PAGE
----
Trip back in time

Sauder Village, the recreated historic village in Archbold, recently opened 1920s Main Street, an interactive exhibit meant to evoke the charm of small-town America a century ago. The street, part of Sauder’s Walk Through Time experience, includes a soda fountain, fire station, movie theater, candy story and speakeasy. The Historic Village is open Wednesday through Saturday through Oct. 24. Also here: the Barn Restaurant, Sauder Heritage Inn, shops, craftspeople, a farm, horse-drawn carriage rides and more. Information: saudervillage.org.



a train is parked on the side of a building: An Amish buggy travels through the Peace Bridge on the outskirts of downtown Sugarcreek in Tuscarawas County.


© Lisa DeJong Lisa DeJong Lisa DeJong/The Plain Dealer/cleveland.com/TNS
An Amish buggy travels through the Peace Bridge on the outskirts of downtown Sugarcreek in Tuscarawas County.

Go wine tasting



a close up of a sign: A hotel sign in Columbus along the Historic National Road.


© SCOTT SHAW/The Plain Dealer/cleveland.com/TNS
A hotel sign in Columbus along the Historic National Road.

It’s harvest time at Ohio wineries, which makes fall a great time for a wine-country tour. Some places will even let you help pick the grapes.

There are nearly 300 wineries in Ohio, in every region of the state. Many have outdoor tasting and dining areas, plus afternoon entertainment and other activities. Combine winery hopping with another activity – or just go for the wine. For a list of nearby wineries: ohiowines.org.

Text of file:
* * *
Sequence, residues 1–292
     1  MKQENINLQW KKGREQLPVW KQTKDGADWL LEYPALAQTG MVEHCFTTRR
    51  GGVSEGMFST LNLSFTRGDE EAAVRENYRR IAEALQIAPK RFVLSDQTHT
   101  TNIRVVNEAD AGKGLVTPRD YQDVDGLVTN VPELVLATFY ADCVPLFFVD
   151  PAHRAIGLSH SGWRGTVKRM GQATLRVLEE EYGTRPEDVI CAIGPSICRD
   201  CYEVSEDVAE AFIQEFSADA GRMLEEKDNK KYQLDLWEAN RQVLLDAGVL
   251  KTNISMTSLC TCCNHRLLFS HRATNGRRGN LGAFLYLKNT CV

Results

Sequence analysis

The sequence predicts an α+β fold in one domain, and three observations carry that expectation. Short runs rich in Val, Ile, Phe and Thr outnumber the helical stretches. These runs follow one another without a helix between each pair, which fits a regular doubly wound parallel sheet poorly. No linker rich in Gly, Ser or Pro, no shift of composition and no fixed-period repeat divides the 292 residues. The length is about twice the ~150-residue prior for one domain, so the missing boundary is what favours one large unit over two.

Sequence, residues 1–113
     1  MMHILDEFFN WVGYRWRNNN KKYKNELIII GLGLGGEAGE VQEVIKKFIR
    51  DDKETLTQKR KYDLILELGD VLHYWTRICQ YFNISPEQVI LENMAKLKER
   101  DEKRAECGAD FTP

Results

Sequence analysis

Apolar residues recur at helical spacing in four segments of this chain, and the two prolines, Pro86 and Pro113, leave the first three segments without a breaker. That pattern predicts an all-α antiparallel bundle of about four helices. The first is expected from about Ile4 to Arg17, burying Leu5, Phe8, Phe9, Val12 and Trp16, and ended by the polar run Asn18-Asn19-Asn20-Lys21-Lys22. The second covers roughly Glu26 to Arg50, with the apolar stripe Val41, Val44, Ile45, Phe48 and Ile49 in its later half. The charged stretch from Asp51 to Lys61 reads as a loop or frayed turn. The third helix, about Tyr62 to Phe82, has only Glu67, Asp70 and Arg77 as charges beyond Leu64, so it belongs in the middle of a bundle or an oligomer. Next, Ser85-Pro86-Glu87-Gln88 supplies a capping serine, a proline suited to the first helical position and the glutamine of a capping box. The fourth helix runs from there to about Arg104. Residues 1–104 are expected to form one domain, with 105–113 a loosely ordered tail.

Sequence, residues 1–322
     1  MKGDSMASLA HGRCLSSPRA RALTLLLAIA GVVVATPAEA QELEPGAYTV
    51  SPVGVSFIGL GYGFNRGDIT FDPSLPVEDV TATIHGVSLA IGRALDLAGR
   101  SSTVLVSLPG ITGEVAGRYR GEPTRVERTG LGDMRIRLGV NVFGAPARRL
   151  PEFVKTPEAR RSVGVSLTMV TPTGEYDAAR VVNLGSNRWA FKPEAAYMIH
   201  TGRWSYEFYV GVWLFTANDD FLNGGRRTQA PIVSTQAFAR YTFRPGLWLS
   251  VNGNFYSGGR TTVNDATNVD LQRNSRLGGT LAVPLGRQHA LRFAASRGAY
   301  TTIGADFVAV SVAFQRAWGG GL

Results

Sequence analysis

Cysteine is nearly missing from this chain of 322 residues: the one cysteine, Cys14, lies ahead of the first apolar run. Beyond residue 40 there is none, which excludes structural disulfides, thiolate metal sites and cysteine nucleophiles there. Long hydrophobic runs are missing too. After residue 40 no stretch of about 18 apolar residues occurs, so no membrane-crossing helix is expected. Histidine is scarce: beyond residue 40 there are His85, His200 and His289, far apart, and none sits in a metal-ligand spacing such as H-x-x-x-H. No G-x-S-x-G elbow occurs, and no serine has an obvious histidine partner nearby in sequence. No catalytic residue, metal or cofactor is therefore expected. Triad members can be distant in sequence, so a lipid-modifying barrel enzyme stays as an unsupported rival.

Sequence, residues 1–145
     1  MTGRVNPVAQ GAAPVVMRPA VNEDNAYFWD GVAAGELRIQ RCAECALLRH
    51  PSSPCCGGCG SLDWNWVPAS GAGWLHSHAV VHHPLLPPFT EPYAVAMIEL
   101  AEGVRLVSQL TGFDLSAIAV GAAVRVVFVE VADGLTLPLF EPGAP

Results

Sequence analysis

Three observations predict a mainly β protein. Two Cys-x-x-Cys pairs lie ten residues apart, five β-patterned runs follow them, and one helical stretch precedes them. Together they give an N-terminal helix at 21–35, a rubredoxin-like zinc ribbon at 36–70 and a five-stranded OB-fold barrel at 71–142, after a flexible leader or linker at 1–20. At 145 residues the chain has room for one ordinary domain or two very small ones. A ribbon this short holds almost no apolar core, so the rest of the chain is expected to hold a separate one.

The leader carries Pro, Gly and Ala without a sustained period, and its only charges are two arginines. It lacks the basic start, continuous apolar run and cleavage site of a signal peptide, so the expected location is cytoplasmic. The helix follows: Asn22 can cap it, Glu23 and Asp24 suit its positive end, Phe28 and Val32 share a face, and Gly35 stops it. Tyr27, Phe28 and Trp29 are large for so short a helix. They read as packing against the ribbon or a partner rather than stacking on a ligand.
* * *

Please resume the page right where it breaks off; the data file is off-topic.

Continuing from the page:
a group of people sitting at a beach: Fall travel ideas 2020


© Plain Dealer file/cleveland.com/TNS
Fall travel ideas 2020

Covered bridges

If you’re sipping wine in far Northeast Ohio, take time to explore some of Ashtabula County’s gorgeous 19 covered bridges. Most of the bridges are well over a century old, although a few are newer. The county’s annual Covered Bridge Festival has been canceled this year, unfortunately – but you can put together your own touring event.

For a list of bridges: visitashtabulacounty.com/things-to-do/covered-bridges/covered-bridges/

Canoeing/kayaking

We’ve got at least another month to explore Ohio’s waterways – whether river, inland lake or Lake Erie. North-central Ohio’s Mohican River valley is known as the canoe capital of Ohio (as evidenced by the half-dozen liveries operating in or near Loudonville). Other Northern Ohio options include the Grand (with rentals at Raccoon Run in Harpersfield and Grand River Canoe in Rock Creek) and the Cuyahoga (with rentals at Camp Hi in Hiram, Crooked River Adventures in Burton and Burning River Adventures in Cuyahoga Falls).

Pedal versus paddle

Bicycling is another activity that has exploded in popularity in recent months. Ohio is home to hundreds of miles of dedicated cycling paths, including the 330-mile Ohio to Erie Trail, which links Cincinnati and Cleveland via dozens of interconnected trails. Start with a short trip, or plan a days-long outing and bike the whole thing. See: ohiotoerietrail.org.

Also recommended: the Hockhocking Adena Bikeway, which travels 21 scenic miles through Southeast Ohio’s Athens County. For an added twist: Bike all or part of the Brewed on the Bikeway Tour, which features a number of breweries on or near the trail. See athensbicycle.com/brewed-on-the-bikeway-tour.

Island fun